Questions over Denmark as Ladbrokes withdraws

Questions over Denmark as Ladbrokes withdraws

Thursday, July 9, 2015 Totally Gaming
Andrew Bagguley says Ladbrokes will focus on more promising markets

Ladbrokes will focus on more rewarding markets after deciding to close its poorly performing operation in Denmark.

The company told customers this week that it was ceasing trade in the country – where it has offered sports betting, poker and casino for the last three years - with immediate effect.

A statement released to said that the Danish operation “has not delivered a satisfactory level of profit since the market regulated in 2012” and that “resources hitherto invested in Denmark will be re-focused on other territories, as the latest stage in Ladbrokes' international and digital turnaround”.

Andrew Bagguley, managing director digital at Ladbrokes, added: “Our renewed focus is very clearly on investing in those territories which show evidence of or the potential for significant growth. We will reallocate resources towards growing our [digital] operations and infrastructure in other priority territories to grow our recreational customer base and deliver market-leading products and services there.”

The decision comes at a time of change in Ladbrokes’ international operations, with the company announcing in February that its international team was undertaking a fundamental review in the first quarter of the year. Last month it revealed a restructure of its international operations with managing director (international) Damian Cope leaving the business and nine roles in the centrally-based international team placed at risk of redundancy.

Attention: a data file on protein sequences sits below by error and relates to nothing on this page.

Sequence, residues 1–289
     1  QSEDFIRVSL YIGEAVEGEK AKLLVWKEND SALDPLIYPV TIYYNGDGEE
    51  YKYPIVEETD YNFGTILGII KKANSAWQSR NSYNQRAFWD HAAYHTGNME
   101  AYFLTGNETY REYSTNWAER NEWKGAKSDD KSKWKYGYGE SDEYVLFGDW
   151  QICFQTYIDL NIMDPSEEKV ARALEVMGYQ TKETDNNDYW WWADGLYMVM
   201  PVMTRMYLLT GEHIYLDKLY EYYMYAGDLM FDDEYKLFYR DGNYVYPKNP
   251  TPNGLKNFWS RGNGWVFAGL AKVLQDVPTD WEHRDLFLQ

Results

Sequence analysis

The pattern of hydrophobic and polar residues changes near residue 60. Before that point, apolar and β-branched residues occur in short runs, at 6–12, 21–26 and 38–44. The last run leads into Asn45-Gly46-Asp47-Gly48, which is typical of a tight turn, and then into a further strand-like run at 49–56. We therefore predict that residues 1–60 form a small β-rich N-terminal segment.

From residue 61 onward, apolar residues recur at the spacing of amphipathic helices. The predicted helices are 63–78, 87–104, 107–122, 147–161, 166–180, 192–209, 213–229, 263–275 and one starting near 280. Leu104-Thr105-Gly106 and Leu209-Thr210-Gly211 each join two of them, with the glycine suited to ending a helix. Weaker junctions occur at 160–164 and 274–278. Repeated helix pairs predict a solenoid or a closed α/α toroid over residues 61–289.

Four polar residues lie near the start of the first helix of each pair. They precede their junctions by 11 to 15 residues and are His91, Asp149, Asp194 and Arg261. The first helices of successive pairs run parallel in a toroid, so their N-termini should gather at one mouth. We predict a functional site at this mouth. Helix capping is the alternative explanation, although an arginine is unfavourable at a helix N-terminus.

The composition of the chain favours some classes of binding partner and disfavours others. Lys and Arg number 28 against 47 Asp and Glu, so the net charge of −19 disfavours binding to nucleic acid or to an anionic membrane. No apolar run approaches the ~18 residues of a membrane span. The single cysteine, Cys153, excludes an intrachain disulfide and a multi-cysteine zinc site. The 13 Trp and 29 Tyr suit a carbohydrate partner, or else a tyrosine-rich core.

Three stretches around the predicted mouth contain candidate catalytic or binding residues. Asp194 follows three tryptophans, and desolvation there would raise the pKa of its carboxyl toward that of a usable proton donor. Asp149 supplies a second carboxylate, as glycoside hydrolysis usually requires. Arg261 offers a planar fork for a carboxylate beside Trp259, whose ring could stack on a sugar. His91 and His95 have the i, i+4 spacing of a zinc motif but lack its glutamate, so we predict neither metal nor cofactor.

While it announced some digital figures for jurisdictions such as Australia, Belgium and Spain in its 2014 results, it did not reveal its performance in Denmark. 

In a statement to customers, Ladbrokes said: “We are writing to you to inform you that will stop operating in Denmark. We therefore close our website down for new registrations, and receipt of bets will stop with immediate effect.

“We would like to thank to thank you for your loyalty to, and wish you the best for the future.”

Companies operating in Denmark must pay a licence fee, plus 28 per cent corporation tax and a 20 per cent additional gaming tax on gross gaming revenue (GGR).

Denmark has seen reasonable growth in online gaming each year since Danske Spil’s monopoly was ended in 2012, with DKK2.9bn (€390m/$430m) in GGR in 2014, up 39 per cent on the first year.

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